I’m defining N types and let’s say there are 5-15 functions for each types. How would you structure your code?
- Each file contains a single type and related definitions
- One file contains all types, and a separate file for defining functions for each type
- Something else…?
This really depends on how large N is, and how long/complex the functions are.
I usually try to keep things in one file until that gets too large, then split.
What I usually do is have a file where all related types are defined and then I have a separate file where I define the operator algebras on those types. Both of those files are included from the main module. This separates the type definitions and their algebra. Utility methods are usually included with the type definitions. The algebra code can grow quite large due to the combinatorial possibilities of 10-15 types, so it needs to be kept separately to grow.
I try to keep concepts in their own files, so one abstract type and all its concrete types and all their methods in one file. The only real reason I do this is because it’s easier for me to navigate from one concept to the other in Vim. I just move between (Vim) buffers to get to where I want. If everything was in the same file I’d need to search the file to get to where I want. The biggest disadvantage I guess is that when you open a
src directory it might “look” like this project is overly complex, but some of my files contain just 5 lines…
I would say it is definitely oversplitting.
Also, I think it is better to adapt your editor to the way you prefer to write Julia code than the other way round.
Meh… I bet you’re right, but this seems to work. I mean, is there any real dis/advantage to “over/under splitting”?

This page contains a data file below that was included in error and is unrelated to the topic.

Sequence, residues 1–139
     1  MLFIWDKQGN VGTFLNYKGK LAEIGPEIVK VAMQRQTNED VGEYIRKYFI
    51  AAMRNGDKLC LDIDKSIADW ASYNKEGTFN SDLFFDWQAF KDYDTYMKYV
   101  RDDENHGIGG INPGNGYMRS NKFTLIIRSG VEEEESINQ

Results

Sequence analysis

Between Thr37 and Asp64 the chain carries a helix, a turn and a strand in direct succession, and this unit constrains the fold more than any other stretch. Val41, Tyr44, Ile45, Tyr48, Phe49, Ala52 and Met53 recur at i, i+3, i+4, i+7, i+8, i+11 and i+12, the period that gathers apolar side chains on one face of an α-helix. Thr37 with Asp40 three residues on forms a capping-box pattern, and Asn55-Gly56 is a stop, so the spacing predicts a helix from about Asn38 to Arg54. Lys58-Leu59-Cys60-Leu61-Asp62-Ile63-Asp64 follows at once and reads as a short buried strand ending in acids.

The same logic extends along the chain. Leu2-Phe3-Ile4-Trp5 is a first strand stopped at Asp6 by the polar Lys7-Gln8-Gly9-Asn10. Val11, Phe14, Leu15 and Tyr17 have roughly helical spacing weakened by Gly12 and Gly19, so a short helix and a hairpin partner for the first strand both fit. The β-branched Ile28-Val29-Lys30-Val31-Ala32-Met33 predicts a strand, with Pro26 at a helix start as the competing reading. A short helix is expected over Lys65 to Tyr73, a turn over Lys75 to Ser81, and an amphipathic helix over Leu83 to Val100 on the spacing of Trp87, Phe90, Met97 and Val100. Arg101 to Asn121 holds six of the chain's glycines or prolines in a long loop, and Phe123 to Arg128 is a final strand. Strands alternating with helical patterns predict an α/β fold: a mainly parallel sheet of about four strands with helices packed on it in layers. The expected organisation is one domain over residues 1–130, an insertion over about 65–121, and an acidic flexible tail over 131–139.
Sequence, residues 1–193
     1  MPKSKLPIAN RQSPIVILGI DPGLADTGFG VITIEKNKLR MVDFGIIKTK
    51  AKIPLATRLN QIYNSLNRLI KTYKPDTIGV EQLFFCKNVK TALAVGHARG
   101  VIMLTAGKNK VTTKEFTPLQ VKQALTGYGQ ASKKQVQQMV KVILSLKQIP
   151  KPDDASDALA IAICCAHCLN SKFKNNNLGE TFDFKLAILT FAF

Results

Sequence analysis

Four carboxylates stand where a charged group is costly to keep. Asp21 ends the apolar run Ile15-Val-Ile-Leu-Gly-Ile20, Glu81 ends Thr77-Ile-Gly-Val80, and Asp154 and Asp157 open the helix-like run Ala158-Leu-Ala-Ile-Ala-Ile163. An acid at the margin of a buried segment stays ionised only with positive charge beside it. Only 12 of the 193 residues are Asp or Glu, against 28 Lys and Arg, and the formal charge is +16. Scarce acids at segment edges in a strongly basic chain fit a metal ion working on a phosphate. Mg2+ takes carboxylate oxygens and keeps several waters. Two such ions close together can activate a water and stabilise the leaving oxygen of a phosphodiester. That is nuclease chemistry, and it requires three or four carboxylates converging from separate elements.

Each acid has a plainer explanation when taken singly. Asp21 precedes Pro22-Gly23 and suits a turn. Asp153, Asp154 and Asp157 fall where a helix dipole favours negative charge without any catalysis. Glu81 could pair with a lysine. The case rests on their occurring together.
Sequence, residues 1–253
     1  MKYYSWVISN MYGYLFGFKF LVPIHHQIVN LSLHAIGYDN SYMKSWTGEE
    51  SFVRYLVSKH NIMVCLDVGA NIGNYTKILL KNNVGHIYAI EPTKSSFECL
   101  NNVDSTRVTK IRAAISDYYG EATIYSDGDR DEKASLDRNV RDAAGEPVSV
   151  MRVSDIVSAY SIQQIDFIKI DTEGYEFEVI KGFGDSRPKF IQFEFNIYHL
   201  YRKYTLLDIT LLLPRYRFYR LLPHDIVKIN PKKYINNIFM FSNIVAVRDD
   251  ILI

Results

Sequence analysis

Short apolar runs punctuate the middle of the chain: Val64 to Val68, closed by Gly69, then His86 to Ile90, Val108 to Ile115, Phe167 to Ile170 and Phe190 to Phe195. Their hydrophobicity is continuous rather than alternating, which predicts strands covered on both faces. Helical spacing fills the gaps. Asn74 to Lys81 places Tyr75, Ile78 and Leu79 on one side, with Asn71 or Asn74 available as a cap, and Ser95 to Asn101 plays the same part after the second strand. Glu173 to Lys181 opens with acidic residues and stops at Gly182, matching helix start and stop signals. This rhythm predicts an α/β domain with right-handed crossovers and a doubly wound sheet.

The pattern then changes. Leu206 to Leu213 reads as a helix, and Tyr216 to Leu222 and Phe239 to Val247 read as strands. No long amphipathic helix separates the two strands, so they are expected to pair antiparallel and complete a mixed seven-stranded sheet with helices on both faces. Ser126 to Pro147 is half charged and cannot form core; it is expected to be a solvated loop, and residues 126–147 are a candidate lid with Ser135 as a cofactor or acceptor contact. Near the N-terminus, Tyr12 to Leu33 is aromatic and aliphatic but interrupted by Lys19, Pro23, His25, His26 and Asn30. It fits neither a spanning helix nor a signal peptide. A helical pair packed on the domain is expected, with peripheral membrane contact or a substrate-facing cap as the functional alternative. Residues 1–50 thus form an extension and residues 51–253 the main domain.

I totally agree. I’m getting a new computer soon and I’ll be ricing that to “completion”…
The compiler does not care, of course, so if that’s what you mean by “real”, there is no downside — you can put every single function in its own file (there is actually a pretty widely used scientific programming language that does this ).
But humans may find it easier to look at meaningful units of code. Think about the readers of the code, and try to make it easy for them to follow what you did. It is difficult to be more concrete than this; the problem is not unlike organizing chapters in a book, or planning the layout of a garden, or designing a building.
I normally mimic
object oriented design, and each file is a module with a type and all the methods applies to it. As a result, I can use
Module.method(type, parameters). I can easily list all the methods applying to that type in editor. The
methodswith function is nice, but could not be used in editor to list all the available methods corresponding to that type.
I really need to understand better how to use modules separately from packages…
Depends, but usually (2). The various types in one file and the implementation of the API in another.
That seems natural for some people. What do you do when you have functions that take multiple types then? Do you create a separate file for these “interaction functions”?
the types are ordered, the later type can use dispatch to interact with previous type. This is not a good design since the methods with kind of scatters to other type files, but these kinds of functions are only a few in my application.